What is "Worship Music"?

Ruok

Silver Member
Questions:

Are artists like Amy Grant, who is a christian artist, played/sung in service?

Do y'all listen to worship music outside of church?

Does being a worship musician change your outlook on music in general?*

I'm honestly curious. I dont participate in religious get togethers so I have no idea. I have nothing against any of it, it just doesnt jive with my personal philosophies.

*This question is nondenominational and is in no way intended to start a discussion about how religion influences anything, including music.

I'll try to be careful to answer some of these questions without getting into religion. Yes. For me, being a worship musician absolutely does/did change my outlook on music in general. I learned that all music, I mean music in and of itself, effects the mind, body and soul. Music itself does way more than just entertain us. I will leave it there.

I cannot listen to the popular modern worship songs except for a few here and there. This became an issue with me and partly contributed to my decision for leaving the worship team. We would all get the link from YouTube of the new song to learn and we would obviously be required to listen to it prior to coming to practice. Because the style is so unlikable to me, it became more and more difficult over time to even finish listening to the original songs. To me it is similar to eating food you don't like and forcing it in as a steady diet. Week after week I was showing up for practice knowing I'm about to play a new song that I don't care for. Plus, I have to play all the other non-new songs that I don't care for too.

That being said, I do regularly listen to all kinds of CCM. There is some amazing CCM songs in every genre out there that is not considered "worship music." Take Kerry Livgren (formerly of the band Kansas), for example. His "Christian" songs can be super complex and the lyrics would not suit a service. His solo work is awesome, as well as the early 80s stuff he did with the band A.D.

The CCM that I listen to regularly besides Kerry Livgren/AD are groups like DeGarmo and Key; Resurrection Band (also called Rez Band); Keith Green; Paul Clark (his late 70s and early 80s music to be exact); Chuck Girard; Daniel Amos (who did everything from country to alternative music); Darrell Mansfield; Third Day; David Zaffiro; Don Francisco; Fireworks; Larry Norman; Leviticus (the Swedish Band); Lost Dogs, Mark Heard; Pat Terry; Matthew Ward; Michael Omartian; Michael Card; Dallas Holm, Novella; Petra; Phil Keaggy; Randy Stonehill; Richie Furay; Wall Brothers; and many others. Some of these bands/solo artists went through many musical genres, so I might like only a certain time period of their music.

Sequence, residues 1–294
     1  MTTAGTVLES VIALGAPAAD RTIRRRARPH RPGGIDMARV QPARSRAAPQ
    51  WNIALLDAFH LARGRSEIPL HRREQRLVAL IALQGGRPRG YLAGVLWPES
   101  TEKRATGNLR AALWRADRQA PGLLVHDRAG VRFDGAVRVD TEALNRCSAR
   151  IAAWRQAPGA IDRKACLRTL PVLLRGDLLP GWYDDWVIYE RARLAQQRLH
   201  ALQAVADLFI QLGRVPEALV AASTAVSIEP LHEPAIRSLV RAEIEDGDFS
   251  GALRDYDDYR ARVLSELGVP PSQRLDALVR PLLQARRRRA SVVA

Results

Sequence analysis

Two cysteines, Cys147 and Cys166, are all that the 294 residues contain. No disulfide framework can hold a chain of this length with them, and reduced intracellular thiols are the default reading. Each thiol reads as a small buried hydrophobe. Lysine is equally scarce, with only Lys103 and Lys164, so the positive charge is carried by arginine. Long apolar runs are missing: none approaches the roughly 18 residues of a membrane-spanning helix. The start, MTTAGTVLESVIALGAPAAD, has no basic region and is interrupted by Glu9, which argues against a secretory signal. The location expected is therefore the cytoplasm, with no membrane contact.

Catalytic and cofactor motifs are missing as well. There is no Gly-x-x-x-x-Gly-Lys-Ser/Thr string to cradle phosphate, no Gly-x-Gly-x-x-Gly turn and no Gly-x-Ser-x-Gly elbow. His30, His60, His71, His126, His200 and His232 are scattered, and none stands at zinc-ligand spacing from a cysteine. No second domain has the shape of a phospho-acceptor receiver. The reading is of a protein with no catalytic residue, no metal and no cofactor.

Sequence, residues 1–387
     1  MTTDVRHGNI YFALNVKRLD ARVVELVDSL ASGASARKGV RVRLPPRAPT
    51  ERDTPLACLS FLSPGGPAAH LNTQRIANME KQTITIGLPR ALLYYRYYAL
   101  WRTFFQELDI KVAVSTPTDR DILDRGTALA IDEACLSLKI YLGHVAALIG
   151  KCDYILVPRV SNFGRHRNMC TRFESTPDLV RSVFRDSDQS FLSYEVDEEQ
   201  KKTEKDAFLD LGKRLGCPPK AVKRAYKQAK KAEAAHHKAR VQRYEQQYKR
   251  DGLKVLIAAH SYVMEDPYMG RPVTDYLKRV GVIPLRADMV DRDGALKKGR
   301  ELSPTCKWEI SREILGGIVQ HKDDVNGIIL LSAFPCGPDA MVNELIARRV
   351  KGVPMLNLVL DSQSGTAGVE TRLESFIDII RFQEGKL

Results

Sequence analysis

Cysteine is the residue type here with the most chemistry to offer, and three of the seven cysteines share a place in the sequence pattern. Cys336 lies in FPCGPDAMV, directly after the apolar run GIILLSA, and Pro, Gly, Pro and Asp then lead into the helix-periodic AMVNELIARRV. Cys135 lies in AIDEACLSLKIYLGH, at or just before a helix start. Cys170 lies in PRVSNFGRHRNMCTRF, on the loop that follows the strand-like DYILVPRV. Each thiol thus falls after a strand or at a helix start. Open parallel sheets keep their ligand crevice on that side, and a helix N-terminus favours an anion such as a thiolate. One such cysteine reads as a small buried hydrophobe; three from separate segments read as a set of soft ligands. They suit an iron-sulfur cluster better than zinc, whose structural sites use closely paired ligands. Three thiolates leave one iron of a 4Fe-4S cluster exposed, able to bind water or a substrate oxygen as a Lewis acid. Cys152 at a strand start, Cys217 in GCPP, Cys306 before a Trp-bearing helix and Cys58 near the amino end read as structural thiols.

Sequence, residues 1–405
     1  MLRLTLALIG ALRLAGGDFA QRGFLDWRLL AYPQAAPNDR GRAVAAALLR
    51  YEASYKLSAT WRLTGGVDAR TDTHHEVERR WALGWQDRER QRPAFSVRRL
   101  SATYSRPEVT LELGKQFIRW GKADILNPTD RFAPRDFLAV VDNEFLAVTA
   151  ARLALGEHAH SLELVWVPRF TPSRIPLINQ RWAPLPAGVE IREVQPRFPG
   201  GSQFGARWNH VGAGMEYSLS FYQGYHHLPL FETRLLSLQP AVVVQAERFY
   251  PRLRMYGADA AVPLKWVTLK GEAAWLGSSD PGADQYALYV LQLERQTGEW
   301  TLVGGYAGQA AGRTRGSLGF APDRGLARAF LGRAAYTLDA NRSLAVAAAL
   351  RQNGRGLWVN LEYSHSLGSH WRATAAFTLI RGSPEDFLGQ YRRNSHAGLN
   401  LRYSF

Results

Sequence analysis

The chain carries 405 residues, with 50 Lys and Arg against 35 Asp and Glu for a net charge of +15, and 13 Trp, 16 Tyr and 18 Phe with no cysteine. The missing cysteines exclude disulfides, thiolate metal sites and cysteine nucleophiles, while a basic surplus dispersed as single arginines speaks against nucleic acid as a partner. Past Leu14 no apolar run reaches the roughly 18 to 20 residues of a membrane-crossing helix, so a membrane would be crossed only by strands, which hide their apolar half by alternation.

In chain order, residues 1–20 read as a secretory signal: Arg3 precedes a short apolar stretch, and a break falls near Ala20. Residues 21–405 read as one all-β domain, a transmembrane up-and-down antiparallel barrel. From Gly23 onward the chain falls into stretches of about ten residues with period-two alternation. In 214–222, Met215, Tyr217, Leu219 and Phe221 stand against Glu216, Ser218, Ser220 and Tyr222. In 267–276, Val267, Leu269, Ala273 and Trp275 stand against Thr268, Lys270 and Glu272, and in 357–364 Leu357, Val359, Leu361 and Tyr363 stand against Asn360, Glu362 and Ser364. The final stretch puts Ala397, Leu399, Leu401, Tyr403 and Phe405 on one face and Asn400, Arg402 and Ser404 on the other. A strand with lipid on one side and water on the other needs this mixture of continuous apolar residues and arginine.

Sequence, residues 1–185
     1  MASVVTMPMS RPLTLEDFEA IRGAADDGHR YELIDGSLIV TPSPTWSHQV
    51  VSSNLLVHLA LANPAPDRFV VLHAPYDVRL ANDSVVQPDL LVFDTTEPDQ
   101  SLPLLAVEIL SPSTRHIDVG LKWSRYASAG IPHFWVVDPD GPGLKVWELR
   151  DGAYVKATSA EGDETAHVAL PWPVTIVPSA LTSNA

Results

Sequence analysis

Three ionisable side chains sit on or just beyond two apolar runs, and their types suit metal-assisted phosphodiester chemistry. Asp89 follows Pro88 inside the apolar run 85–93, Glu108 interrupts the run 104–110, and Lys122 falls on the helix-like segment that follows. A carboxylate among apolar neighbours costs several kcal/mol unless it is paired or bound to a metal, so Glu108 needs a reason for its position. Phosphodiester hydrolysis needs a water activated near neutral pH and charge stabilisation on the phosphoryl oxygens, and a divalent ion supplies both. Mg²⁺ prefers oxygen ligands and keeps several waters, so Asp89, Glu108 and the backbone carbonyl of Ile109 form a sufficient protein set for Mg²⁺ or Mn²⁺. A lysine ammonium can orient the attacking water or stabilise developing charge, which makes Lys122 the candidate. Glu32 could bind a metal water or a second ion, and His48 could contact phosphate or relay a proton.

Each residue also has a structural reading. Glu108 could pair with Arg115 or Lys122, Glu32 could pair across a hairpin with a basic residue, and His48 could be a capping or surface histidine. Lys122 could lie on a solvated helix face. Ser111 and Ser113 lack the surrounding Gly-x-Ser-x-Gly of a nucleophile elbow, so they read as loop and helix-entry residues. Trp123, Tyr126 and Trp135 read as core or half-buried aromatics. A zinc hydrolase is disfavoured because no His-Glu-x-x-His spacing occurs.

I also love a lot of instrumental CCM that might include original pieces as well as hymns. One particular instrumental favorite is Phil Keaggy's "The Wind and the Wheat" album from 1987. The album has Alex Acuna and Ronn Tutt on drums. I'm not sure if it is even available anymore. If anyone wants to mellow out, here you go...

 

Mr Farkle

Well-known member
I'll try to be careful to answer some of these questions without getting into religion. Yes. For me, being a worship musician absolutely does/did change my outlook on music in general. I learned that all music, I mean music in and of itself, effects the mind, body and soul. Music itself does way more than just entertain us. I will leave it there.

I cannot listen to the popular modern worship songs except for a few here and there. This became an issue with me and partly contributed to my decision for leaving the worship team. We would all get the link from YouTube of the new song to learn and we would obviously be required to listen to it prior to coming to practice. Because the style is so unlikable to me, it became more and more difficult over time to even finish listening to the original songs. To me it is similar to eating food you don't like and forcing it in as a steady diet. Week after week I was showing up for practice knowing I'm about to play a new song that I don't care for. Plus, I have to play all the other non-new songs that I don't care for too.

That being said, I do regularly listen to all kinds of CCM. There is some amazing CCM songs in every genre out there that is not considered "worship music." Take Kerry Livgren (formerly of the band Kansas), for example. His "Christian" songs can be super complex and the lyrics would not suit a service. His solo work is awesome, as well as the early 80s stuff he did with the band A.D.